311. The Verrazano Bridge of Advertising.
Sep 10, 2010 at 11:49AM
jj

I had a professor in grad school who liked to say we were trying to build the Verrazano Bridge every time we attempted to logically connect two things that didn't make sense or when a concept was vague and overly complicated. Basically he was saying that our logic was a stretch and IF people 'got it,' it would take them a long time to get there.

Nothing I have seen demonstrates the metaphor better than this recent TVC developed by Leo Burnett London for Miller Genuine Draft. They are using clean graffiti—not an altogether original idea ever since UK artist Paul Curtis made a big splash a few years ago—to somehow demonstrate the idea that their beer is cold-filtered. The connection between clean graffiti and cold filtering or just between graffiti and filtering is sketchy at best. It needs to be explained as the spot tries to do in vain. "Sometimes it’s what’s underneath that counts, you just have to reveal it." Uh, okay. Welcome to Brooklyn friends.

See if you can make sense of the spot below (forgive the long intro):


Granted, the spot is just one small part of the campaign at large - as the press release says, "To support the launch, Miller Genuine Draft has also commissioned the biggest ever real clean art advertising campaign that will involve using clean art to communicate the campaign message on pavements, walls and bars in key urban areas." There's even an outdoor concert series called The Miller Filtered Music Program. (Not sure why I want my music filtered but whatever.)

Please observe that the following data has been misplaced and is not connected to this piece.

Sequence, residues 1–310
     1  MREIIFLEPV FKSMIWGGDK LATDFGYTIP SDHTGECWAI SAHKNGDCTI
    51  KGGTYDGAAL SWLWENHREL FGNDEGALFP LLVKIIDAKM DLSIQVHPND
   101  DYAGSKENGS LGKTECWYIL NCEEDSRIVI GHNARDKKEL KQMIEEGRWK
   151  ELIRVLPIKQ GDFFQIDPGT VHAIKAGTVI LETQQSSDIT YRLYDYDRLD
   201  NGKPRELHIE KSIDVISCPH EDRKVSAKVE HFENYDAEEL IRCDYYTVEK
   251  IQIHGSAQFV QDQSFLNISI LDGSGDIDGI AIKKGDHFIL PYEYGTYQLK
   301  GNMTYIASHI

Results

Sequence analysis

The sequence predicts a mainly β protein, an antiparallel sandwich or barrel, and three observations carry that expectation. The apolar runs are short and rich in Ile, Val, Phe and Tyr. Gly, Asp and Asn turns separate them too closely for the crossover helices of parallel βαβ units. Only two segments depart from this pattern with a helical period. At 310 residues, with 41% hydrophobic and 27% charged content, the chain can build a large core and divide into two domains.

Clean Graffiti. Clean Art. Reverse Graffiti. All the rage in '07:


I'm fine with using 'clean art' as the medium if you want to use something that was 'happening' in 2007; I just can't figure why they are trying to connect it to cold filtering. Makes no sense and isn't even necessary as the medium doesn't always have to be the message. As my professor Coz Cotzias from the AdCenter...er BrandCenter would say, "They're trying to cross the Verrazano with that." Well he'd say it better and with more expletives, but you get the point.

And just for your general curiosity, The Verrazano-Narrows Bridge is a double-decked suspension bridge that connects the boroughs of Staten Island and Brooklyn in New York City at the Narrows, the reach connecting the relatively protected upper bay with the larger lower bay. The bridge is named for Italian explorer Giovanni da Verrazzano, the first known European navigator to enter New York Harbor and the Hudson River, while crossing The Narrows. It has a center span of 4,260 feet (1,298 m) and was the largest suspension bridge in the world at the time of its completion in 1964. All that courtesy of Wikipedia.

Article originally appeared on Graphicology (http://www.graphicology.com/).
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